86 men of the 2nd West Yorkshires lost their lives in the last week of March 1918. Harry Hunter was killed in action on 27th March; he has no known grave and is commemorated on the Pozieres Memorial.

For more detail, the following extract is from the Regimental History 'West Yorkshire Regiment in the War 1914-1918' by Everard Wyrall

The Battle of Rosieres, 26th - 27th March 1918.
At 2 a.m. on the 26th March the 2nd West Yorkshires had formed an outpost line at, and about, Deniecourt. Here they set to work to construct whatever defences were possible, though it was anticipated that the enemy would soon put in a appearance. About 10 a.m. the battalion received an order to "withdraw immediately" to Rosieres, and the Diary makes the startling announcement that the "receipt of this (order) coincided with the arrival of the enemy". A tough fight ensued but the men fought well and in good order, company by company, the withdrawal beginning from the left, the remnants of the companies got clear of their dangerous positions and reached Rosieres. Here they hastily dug in, holding a line up to the railway, with the 2nd Middlesex on their right and the 2nd Field Company R.E., on their left. Apparently the remainder of the day passed without any abnormal incident happening on the battalion front, and the records state "no action at night".

At nightfall on 26th, however, a very dangerous gap existed between the left of the Fifth Army and the right of the Third Army on the Somme. The former was on the southern bank of the river at Fraissy, whilst the latter was at Cerisy. The enemy was not slow in taking advantage of the opening thus afforded and on the morning of the 27th penetrated the gap, compelling the left of the Fifth Army to fall back again.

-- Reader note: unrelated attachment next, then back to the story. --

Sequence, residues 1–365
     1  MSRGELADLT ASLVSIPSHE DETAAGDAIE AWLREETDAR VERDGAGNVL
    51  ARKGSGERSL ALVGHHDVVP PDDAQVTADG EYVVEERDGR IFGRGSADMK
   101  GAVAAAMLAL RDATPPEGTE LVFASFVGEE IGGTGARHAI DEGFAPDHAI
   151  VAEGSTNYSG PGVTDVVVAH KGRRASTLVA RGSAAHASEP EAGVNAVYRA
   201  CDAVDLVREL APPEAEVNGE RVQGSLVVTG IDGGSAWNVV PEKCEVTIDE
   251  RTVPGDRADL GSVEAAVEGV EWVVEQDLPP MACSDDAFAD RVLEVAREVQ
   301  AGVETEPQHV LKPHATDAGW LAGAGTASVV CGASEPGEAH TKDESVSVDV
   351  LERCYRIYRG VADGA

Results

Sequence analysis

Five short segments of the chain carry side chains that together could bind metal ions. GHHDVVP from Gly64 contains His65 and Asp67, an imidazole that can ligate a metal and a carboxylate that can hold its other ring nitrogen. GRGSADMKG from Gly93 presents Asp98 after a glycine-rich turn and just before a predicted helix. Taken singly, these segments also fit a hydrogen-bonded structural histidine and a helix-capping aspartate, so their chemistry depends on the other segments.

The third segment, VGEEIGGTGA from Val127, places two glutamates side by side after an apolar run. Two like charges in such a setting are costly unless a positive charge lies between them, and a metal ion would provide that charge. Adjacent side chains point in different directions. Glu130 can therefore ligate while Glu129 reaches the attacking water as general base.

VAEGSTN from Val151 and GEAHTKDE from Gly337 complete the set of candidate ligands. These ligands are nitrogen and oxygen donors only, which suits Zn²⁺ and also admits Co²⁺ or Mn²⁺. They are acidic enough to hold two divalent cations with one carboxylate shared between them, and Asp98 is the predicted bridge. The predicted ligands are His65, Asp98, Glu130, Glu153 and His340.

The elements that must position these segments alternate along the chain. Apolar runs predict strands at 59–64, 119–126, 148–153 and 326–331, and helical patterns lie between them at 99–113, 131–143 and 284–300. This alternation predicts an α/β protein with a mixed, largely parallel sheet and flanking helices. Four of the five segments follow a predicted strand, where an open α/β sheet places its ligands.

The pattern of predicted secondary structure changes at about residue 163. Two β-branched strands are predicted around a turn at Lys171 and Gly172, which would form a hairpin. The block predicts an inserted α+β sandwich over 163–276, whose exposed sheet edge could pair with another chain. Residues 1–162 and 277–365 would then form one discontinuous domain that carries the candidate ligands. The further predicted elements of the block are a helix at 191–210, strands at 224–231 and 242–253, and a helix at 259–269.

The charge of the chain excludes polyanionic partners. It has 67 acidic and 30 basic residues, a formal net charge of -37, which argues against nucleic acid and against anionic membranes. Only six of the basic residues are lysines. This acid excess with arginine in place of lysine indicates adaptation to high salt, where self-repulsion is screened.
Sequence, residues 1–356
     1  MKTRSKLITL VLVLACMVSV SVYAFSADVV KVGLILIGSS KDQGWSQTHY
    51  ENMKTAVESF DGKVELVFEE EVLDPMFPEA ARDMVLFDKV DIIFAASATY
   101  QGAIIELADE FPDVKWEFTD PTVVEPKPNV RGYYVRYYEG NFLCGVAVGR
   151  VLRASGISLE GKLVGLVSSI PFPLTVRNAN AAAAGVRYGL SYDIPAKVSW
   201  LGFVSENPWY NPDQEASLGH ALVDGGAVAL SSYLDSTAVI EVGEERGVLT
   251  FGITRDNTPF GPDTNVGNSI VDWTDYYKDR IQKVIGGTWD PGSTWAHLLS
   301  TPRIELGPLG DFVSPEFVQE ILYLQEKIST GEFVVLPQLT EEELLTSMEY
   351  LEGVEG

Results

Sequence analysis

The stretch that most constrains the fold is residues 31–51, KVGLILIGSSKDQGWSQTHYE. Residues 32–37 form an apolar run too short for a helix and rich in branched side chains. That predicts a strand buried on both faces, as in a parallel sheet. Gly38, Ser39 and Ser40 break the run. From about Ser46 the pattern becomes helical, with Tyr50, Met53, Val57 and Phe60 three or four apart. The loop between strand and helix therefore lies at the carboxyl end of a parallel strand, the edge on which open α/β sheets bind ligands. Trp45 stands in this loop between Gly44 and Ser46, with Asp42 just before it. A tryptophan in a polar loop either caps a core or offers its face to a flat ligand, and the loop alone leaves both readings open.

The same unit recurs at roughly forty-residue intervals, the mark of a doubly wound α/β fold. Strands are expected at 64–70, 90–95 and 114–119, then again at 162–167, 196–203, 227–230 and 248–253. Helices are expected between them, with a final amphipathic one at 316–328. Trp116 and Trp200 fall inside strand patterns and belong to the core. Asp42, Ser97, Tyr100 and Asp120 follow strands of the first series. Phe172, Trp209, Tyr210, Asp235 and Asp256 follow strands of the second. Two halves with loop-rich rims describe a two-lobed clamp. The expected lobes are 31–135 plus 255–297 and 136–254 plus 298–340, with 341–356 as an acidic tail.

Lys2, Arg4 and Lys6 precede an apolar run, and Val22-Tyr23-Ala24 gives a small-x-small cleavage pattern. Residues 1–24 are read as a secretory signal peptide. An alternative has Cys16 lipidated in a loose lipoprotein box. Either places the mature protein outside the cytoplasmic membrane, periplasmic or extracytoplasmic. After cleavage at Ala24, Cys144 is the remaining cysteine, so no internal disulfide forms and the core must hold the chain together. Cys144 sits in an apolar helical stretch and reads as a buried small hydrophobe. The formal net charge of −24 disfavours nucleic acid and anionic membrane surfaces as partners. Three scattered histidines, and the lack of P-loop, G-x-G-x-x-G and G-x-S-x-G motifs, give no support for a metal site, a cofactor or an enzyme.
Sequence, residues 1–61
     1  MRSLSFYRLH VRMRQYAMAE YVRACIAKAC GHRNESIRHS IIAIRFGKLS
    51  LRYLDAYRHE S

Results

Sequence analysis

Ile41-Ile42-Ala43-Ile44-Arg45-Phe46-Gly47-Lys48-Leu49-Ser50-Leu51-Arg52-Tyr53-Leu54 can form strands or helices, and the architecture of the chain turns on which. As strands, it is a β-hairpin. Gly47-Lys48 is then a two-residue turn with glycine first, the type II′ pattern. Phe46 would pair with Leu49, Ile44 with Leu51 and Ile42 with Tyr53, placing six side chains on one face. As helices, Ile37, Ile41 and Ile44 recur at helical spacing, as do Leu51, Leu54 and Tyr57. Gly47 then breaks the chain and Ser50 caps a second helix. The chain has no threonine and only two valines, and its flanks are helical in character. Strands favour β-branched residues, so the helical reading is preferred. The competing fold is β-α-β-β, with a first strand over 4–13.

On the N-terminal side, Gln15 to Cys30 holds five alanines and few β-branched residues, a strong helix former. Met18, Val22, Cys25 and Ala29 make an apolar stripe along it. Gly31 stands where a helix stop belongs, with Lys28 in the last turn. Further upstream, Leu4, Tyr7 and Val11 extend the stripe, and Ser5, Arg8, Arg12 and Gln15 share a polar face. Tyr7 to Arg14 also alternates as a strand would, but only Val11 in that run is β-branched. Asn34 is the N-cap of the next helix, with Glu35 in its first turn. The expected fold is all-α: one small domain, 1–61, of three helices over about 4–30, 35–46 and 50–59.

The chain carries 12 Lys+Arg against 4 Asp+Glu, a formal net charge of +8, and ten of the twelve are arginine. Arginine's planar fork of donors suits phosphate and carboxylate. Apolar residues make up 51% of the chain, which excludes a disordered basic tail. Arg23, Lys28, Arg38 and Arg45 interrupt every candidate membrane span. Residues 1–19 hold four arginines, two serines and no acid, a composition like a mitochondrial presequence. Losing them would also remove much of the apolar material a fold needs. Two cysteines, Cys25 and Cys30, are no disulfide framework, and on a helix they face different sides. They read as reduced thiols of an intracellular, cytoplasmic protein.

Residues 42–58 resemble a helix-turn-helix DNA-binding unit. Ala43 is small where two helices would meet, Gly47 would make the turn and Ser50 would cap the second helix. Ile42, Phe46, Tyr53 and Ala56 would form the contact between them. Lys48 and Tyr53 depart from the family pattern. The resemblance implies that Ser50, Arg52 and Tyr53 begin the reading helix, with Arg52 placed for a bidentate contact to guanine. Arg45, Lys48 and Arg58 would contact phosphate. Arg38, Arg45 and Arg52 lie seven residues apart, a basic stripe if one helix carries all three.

About 2 p.m. a machine gun officer arrived at Battalion Headquarters of the 2nd West Yorkshires and reported that all troops on the left of the battalion were retiring. The sight of troops moving back through Rosieres confirmed this report and "B" Company of the West Yorkshires, then in reserve, and Battalion Headquarters were ordered to move to the railway west of the station. In half-an-hour a forward movement on the flank was in progress. Brigade Headquarters being then north, towards Vauvillers. So far as the 8th Division was concerned the position on the left flank was thus restored and, although during the evening the enemy's bombers attempted to turn the left flank of the 2nd West Yorkshires, they were beaten off and Rosieres remained secure for the night of the 27/28th, the 50th Division being in position along the line of the light railway south-east of the village.

On the night of the 27th March the British line south of the Somme formed a salient from Hamel, just east of Harbinnieres-Rosieres- Bouchoir-Anvillers.

It is a pity that the Diary of the 2nd West Yorkshires is so brief, for it is very evident that the battalion saw hard fighting and most gallantly held the enemy off, adding thereby to the glorious records of the Regiment. Throughout the war the British soldier never fought better than when in a tight corner.